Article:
Taking place on 19-25 July, the Craft BIKE Transalp is a seven-stage, 625km mountain bike race with +19,000m of climbs, from Ruhpolding in the Bavarian Alps to Italy’s stunning Riva del Garda. Among its 1,200+ riders is Jon Fearne, who will be taking on this gruelling route for the first time with teammate Oli Woods. Here, Jon explains the challenges ahead and the training and nutrition needed to conquer them:


Jon Fearne

What Unique Challenges Lay Ahead?

The key is the altitude and the constant climbing. You’re looking at +19,000m of climbing over seven days, so when you’re based in the UK it’s very hard to replicate that kind of training. Luckily, a friend sent me up every big hill we could find! I run training camps in Tenerife too, so I’m quite used to that kind of riding at altitude.


My race partner has been based in the Alps for the last three months, so he’s been able to get some good climbing in. Time on the bike is going to be acute if you’re training for something like this. Even if you can’t replicate the climbing, you need to be putting 4-6-hour rides in, depending on what your goals and fitness levels are.


Some people are riding out there for 8+ hours, but Oli and I are hoping for about 4-5 hours each day. That’d be great!

What Inspired You to Compete in the Craft Bike Transalp?

I’ve coached top-10 finishers for this event before, which has sparked me to go out there and do it myself. I’ve ridden certain stages in the past but I’ve never done the complete seven days, so it’ll be my first time bringing it together as an athlete.

I did a stage race in Lanzarote back in January, which was just four days, and that went really well. There will be another three days added onto this race, so it will be interesting…

I’m riding a Cannondale F-Si Lefty. I’ve also got a spare Lefty in case anything goes horribly wrong!



What Is The Toughest Climb On The Course?

The first stage isn’t too bad, there’s only about 2,000m of climbing, which is quite nice, but as you move on there are some nasty, big climbs. Stage 3’s Tauernkreuz (pictured) is around 2,500m and starts low. You have pretty much the whole climb to do and that’s right at the very start of the stage, so you’re talking 20km up to the top. It’s a hard start to the race because you haven’t had a chance to warm up properly.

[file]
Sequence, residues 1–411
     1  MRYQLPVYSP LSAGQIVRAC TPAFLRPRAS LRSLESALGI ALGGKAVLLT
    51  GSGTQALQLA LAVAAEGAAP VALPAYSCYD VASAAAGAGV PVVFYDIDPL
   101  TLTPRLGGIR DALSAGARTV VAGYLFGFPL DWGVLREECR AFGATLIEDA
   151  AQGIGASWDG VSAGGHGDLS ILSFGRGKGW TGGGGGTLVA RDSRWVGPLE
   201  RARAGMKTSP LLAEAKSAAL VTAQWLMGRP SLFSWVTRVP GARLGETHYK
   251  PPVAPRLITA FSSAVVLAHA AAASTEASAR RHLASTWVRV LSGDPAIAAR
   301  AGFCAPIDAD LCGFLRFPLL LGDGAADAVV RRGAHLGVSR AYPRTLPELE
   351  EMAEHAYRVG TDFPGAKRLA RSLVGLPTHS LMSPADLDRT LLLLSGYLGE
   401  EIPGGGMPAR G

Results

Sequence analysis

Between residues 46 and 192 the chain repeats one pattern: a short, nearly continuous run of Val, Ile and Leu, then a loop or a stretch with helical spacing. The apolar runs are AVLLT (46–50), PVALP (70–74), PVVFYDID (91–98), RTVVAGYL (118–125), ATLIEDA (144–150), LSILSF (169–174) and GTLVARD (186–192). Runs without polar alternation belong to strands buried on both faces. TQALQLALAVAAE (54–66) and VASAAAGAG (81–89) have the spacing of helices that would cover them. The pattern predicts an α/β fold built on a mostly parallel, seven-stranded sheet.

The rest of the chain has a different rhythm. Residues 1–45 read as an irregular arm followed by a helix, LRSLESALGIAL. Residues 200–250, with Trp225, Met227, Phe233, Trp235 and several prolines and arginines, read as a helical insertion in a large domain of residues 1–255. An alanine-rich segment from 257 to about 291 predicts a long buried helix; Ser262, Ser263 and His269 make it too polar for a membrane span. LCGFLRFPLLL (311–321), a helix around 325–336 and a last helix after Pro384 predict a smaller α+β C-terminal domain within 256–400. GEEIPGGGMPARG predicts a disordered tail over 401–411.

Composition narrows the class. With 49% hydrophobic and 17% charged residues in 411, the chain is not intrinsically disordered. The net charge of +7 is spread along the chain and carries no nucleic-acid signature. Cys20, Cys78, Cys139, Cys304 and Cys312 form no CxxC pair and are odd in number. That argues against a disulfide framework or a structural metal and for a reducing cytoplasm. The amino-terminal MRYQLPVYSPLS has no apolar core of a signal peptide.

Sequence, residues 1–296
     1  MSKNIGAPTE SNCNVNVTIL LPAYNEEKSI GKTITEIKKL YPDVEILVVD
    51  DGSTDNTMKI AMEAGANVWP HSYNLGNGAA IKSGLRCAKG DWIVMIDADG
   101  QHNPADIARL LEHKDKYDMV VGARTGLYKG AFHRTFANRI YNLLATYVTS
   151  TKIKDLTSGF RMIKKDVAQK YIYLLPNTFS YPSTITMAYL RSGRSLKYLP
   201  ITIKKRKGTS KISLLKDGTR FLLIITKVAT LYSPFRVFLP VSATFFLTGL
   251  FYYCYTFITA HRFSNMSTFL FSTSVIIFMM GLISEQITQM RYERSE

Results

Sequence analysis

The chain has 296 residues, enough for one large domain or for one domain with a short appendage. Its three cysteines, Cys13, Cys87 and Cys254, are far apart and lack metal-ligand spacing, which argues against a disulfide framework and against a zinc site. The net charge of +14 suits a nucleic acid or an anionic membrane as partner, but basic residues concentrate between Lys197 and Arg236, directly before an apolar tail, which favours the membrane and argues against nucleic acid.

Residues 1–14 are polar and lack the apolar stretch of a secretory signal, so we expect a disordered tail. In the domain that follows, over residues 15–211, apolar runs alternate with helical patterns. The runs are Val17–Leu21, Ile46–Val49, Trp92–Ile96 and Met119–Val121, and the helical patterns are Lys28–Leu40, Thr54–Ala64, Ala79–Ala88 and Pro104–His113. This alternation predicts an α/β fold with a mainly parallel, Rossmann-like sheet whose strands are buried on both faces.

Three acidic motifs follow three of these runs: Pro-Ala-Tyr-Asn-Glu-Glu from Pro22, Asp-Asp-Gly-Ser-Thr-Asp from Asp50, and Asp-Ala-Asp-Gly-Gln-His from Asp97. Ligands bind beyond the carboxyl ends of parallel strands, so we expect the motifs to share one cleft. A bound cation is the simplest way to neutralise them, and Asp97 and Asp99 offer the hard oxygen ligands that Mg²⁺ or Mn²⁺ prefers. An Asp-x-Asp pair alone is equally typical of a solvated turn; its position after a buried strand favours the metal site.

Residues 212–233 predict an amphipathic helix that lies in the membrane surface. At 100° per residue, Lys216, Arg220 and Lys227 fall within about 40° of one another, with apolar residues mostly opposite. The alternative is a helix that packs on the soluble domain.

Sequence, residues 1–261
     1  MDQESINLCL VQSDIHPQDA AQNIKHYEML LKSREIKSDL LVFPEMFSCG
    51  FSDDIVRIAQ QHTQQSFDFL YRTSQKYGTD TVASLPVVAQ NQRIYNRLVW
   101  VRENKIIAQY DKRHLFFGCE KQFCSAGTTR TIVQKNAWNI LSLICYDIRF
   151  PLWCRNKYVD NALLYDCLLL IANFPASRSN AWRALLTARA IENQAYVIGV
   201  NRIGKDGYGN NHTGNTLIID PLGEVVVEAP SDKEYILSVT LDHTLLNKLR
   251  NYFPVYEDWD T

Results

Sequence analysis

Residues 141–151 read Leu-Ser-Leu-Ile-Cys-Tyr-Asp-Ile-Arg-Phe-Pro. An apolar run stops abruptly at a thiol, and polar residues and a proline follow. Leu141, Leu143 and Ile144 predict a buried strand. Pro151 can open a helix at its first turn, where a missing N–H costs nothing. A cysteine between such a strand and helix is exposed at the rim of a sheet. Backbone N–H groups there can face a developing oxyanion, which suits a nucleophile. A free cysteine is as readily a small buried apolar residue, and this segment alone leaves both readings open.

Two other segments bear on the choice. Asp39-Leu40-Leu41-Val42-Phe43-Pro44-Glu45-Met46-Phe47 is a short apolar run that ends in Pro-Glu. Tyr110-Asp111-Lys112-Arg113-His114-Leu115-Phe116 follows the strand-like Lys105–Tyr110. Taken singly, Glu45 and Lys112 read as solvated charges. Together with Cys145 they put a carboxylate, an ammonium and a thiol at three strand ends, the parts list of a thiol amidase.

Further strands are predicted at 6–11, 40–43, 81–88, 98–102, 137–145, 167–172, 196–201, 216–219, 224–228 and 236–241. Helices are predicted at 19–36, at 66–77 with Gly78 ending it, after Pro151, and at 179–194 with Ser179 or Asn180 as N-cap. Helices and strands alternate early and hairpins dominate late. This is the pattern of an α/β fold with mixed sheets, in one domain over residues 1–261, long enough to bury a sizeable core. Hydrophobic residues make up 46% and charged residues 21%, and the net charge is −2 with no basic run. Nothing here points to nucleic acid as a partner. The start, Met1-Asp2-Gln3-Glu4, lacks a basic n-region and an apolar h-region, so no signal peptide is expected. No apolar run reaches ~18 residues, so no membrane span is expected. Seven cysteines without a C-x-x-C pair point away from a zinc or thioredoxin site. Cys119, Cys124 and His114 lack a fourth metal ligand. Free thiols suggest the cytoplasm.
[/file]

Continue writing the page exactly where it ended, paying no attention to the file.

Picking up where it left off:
What Is Your Race Day Nutrition Plan?

60-90 minutes before the race I eat a solid breakfast to fuel my first hour of riding: porridge mixed with honey and nuts, toast, orange juice and a cup of tea. Leading up the race I’ll sip on an energy drink to deal with the nerves and maybe eat an energy bar just before the race starts. If it was a shorter race I’d add a caffeinated gel for a quick start, but on these longer events I’ll save it for about midway.


I’m also having around 750ml of fluid and two energy gels every hour. I tend to have a carb electrolyte drink so that I’m getting hydration and energy at the same time. You’re out there for a long time and it’s a big demand on the body, so you need to make sure that you’re fuelling properly.


How Do You Stay Motivated Through a Gruelling Multi-Stage Race?

My race partner is a super-psyched Duracell Bunny, so he’ll keep me motivated if I dwindle. I raced Ironman semi-professionally for a long time. Ironman comes down to that one start, but because Transalp is a multitude of days you haven’t quite got that nervous energy on the start line. The start on Stage 6 and Stage 7 will definitely be more nervous when you realise that it’s coming to an end.


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